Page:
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Missouri official asks court to suspend McCloskeys’ law licenses

Missouri official asks court to suspend McCloskeys’ law licenses


A Missouri official is asking the state Supreme Court to suspend the law licenses of the St. Louis couple who waved their guns at racial justice protesters in June 2020.

In a court filing, Missouri Chief Disciplinary Counsel Alan Pratzel pointed to the McCloskeys’ guilty pleas to misdemeanors connected to last year’s incident in his argument to suspend their law licenses, according to KCUR-FM.

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His office is in charge of probing ethical complaints against Missouri lawyers, according to The Associated Press.

Mark and Patricia McCloskey pleaded guilty to misdemeanor charges that stemmed from the June 2020 incident. Mark McCloskey — running for U.S. Senate — pleaded guilty to fourth-degree assault and was ordered to pay a $750 fine. Patricia McCloskey pleaded guilty to second-degree harassment and was subject to a $2,000 fine.

They also agreed to have their guns taken and destroyed.

Missouri Gov. Mike Parson (R) pardoned the couple last month. Pratzel, however, said that while the pardon takes away a person’s conviction, “the person’s guilt remains,” according to KCUR-FM.

Pratzel said the crimes illustrated an “indifference to public safety” and involved “moral turpitude,” which gave grounds for the discipline, according to KCUR-FM.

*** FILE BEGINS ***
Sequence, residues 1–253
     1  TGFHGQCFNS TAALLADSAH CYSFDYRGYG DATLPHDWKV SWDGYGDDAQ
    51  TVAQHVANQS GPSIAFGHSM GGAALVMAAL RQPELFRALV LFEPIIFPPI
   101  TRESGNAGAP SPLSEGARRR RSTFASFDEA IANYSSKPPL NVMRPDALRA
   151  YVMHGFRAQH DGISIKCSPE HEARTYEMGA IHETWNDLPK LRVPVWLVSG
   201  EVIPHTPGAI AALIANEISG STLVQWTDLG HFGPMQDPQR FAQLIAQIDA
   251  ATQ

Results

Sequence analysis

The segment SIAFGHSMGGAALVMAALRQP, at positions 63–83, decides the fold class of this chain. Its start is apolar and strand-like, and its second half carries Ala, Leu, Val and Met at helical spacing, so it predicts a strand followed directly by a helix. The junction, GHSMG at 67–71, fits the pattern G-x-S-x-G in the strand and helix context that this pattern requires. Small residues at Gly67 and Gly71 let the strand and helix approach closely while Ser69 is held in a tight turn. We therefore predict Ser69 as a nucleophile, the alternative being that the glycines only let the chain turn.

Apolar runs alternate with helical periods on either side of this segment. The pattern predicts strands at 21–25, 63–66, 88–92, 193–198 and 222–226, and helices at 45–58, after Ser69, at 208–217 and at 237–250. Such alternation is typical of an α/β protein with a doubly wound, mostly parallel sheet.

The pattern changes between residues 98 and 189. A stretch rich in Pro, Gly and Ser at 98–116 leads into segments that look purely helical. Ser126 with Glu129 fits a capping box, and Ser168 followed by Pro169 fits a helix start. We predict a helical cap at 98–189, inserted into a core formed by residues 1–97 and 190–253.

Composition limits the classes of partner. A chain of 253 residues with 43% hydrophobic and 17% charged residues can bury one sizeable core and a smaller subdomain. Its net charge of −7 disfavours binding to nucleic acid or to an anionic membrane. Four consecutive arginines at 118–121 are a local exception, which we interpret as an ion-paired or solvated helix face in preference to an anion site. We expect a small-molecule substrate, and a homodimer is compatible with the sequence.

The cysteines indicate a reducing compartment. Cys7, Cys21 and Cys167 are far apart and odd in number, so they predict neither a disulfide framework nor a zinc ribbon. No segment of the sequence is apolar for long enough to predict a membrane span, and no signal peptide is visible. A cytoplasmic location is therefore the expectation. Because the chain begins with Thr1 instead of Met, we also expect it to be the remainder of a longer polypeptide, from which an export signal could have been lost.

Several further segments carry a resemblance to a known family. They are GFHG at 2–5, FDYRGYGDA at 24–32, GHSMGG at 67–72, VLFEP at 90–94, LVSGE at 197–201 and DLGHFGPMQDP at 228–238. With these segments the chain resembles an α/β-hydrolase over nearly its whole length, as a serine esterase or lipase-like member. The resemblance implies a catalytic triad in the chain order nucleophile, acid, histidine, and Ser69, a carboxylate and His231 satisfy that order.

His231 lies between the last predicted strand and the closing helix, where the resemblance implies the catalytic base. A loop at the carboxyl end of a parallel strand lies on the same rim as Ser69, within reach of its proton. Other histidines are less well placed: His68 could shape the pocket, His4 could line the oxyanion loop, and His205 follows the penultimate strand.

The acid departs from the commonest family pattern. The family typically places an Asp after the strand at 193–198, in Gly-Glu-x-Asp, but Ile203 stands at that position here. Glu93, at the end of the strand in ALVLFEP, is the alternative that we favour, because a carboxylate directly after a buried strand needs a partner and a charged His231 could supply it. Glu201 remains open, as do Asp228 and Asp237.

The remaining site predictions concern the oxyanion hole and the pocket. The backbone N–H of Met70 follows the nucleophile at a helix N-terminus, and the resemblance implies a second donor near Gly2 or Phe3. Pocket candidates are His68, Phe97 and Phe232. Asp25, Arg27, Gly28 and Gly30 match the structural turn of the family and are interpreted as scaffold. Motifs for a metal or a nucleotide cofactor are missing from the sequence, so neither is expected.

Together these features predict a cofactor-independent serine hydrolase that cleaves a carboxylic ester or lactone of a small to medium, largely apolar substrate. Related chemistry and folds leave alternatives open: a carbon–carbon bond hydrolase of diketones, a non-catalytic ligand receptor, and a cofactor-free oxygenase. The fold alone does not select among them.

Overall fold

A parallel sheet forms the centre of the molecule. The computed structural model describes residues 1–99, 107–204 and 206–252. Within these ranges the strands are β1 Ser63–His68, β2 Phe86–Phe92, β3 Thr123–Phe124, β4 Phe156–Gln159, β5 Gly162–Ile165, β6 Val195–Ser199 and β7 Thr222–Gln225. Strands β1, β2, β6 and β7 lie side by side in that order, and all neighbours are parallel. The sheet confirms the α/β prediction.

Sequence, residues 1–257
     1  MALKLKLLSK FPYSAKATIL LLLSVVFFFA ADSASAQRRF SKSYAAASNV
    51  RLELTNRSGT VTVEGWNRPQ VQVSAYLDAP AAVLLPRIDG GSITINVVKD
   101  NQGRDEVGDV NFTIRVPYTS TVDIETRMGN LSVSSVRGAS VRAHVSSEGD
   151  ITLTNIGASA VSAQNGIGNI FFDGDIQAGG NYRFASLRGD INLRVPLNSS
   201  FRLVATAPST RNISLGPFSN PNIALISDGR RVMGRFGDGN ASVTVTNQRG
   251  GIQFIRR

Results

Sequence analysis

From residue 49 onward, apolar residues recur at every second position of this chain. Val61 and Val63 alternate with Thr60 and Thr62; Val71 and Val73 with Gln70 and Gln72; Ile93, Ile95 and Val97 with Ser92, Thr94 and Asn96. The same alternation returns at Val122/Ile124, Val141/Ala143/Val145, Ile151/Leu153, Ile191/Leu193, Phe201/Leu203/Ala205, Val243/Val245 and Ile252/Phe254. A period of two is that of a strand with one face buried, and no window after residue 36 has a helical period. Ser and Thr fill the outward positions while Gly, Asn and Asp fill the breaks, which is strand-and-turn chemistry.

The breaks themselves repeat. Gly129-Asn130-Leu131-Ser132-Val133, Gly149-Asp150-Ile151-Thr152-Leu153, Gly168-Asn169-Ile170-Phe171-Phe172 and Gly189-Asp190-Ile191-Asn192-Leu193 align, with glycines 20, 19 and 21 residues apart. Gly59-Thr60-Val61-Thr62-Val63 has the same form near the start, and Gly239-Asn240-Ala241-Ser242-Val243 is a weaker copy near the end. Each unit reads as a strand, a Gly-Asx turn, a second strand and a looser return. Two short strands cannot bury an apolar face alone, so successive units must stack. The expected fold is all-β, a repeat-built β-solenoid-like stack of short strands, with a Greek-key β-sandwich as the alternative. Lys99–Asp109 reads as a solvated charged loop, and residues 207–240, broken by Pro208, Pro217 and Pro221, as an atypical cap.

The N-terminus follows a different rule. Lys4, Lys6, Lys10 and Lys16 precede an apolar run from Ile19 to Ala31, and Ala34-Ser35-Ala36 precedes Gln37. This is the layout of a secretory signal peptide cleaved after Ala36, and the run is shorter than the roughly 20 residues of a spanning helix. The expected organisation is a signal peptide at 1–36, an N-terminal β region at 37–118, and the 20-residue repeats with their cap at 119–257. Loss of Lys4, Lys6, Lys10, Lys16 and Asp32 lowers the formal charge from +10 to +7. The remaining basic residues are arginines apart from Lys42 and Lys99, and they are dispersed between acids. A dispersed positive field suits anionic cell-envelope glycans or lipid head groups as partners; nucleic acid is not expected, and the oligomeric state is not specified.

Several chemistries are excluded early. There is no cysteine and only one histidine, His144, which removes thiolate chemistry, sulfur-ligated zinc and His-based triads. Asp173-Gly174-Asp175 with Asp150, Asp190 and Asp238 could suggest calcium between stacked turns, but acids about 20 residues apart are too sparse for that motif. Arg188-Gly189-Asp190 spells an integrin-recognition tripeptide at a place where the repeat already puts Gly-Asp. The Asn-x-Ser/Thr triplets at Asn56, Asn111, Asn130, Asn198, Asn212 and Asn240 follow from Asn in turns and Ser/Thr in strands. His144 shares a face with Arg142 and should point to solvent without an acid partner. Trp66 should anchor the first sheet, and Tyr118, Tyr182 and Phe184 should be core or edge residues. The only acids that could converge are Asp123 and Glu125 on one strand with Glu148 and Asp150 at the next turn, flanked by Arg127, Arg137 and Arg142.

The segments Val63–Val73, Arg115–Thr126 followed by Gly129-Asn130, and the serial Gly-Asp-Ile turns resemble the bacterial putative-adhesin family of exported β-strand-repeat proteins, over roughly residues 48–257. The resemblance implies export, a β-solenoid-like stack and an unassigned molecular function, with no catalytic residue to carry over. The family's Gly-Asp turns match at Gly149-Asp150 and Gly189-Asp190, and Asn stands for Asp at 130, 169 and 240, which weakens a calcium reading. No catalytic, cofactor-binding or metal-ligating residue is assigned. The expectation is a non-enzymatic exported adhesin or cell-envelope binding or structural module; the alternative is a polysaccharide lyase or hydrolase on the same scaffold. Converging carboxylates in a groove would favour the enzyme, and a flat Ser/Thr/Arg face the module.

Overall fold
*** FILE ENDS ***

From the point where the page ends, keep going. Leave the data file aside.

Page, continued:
Mark McCloskey is a wealthy personal injury lawyer who, with his wife, made national headlines after a video went viral last year of the couple waving their guns at protesters outside their home. According to the AP, Mark McCloskey had an AR-15-style rifle, and Patricia McCloskey was armed with a semiautomatic pistol, citing the indictment.

They have since been hailed by Republicans and pointed to as examples of firearms being used for self-defense.

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Both Mark and Patricia McCloskey were admitted to the Missouri bar in 1986, according to KCUR-FM. The pair reportedly works together at the McCloskey Law Center and concentrates on personal injury, medical malpractice, and defective products cases.

In May, Mark McCloskey announced that he was launching a campaign for the state’s open Senate seat to replace retiring Sen. Roy Blunt (R-Mo.).

The Hill reached out to the McCloskeys’ lawyer for comment.

Cross-posted from The Hill

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